Cinema review: Hitchcock’s The Pleasure Garden – restored

The BFI’s ‘Genius of Hitchcock’ project launched this week with the restoration of the director’s first film from 1926, ‘The Pleasure Garden’, now with original tints and extended to a length of twenty minutes more than has previously appeared on DVD releases.

The setting for this first screening (with live accompaniment from the Royal Academy of Music Manson Ensemble, to a new piece composed by Daniel Patrick Cohen) was the charming but dilapidated Wilton’s Music Hall, in Whitechapel, just a short walk from Tower Hill tube station. Given the young Hitchcock’s love for the theatre (which is shown by the opening shots of this film, featuring blonde chorus girls) it was the perfect venue, and it was fitting that with the launch of this season the announcement was made that Wilton’s has gained Lottery funding – of £56,000, as it turns out.

The film itself is a potboiling melodrama with a leering villain (Miles Mander), a sweet chorus girl (Virginia Valli), a gold-digging bitch (Carmelita Geraghty), and a nice but dim chap (Hugh Fielding). There’s also a cute dog to rival ‘The Artist’ and Uggie. Although it isn’t top drawer Hitch, there is much to enjoy in this piece from the fledgling director, and from this beautiful restoration.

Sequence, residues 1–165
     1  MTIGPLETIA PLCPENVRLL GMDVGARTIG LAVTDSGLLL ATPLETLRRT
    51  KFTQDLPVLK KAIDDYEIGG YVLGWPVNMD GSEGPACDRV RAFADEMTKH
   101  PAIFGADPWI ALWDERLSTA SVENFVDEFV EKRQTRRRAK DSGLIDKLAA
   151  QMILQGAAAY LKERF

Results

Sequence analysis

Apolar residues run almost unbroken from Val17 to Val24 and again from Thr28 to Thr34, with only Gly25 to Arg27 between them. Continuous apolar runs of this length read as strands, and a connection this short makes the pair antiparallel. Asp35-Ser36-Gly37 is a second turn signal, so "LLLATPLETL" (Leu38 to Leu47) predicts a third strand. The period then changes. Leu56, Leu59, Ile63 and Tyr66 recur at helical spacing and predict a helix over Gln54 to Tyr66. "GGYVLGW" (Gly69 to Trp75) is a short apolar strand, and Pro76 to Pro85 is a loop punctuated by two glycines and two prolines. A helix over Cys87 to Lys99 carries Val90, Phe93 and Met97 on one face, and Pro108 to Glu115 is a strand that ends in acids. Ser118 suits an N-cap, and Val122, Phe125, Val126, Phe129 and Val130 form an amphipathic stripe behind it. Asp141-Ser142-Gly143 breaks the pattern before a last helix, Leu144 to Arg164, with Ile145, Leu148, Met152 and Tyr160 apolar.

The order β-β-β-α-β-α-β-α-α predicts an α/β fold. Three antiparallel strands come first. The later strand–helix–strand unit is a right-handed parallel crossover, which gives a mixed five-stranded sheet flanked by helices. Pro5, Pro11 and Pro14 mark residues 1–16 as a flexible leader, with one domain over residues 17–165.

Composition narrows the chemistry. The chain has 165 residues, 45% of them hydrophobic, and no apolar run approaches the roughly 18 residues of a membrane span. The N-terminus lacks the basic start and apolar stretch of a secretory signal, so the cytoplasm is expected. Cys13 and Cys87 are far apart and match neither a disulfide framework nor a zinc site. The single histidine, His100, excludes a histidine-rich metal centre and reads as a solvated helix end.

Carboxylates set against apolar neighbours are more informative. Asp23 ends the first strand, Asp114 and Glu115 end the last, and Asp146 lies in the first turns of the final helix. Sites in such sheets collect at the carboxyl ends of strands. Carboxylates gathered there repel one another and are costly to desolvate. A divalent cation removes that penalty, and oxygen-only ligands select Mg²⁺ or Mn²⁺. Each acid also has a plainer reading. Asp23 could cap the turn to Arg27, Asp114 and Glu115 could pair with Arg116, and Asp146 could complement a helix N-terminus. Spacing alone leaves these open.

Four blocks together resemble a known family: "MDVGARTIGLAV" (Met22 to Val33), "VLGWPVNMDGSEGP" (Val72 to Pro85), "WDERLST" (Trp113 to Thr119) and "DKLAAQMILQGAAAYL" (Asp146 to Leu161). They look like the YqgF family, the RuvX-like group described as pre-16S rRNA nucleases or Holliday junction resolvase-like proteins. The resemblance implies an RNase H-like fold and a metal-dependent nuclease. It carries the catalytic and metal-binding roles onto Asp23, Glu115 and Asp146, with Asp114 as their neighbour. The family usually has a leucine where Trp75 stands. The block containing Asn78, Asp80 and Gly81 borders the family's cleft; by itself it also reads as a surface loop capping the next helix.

The remaining eight silent features are to be restored for this year’s Cultural Olympiad (The Ring, The Lodger, Blackmail, Downhill, Champagne, Easy Virtue, The Farmer’s Wife, The Manxman), and donations can still be made via the BFI website .

About Louise Penn

Writer, reviewer, fan. View all posts by Louise Penn

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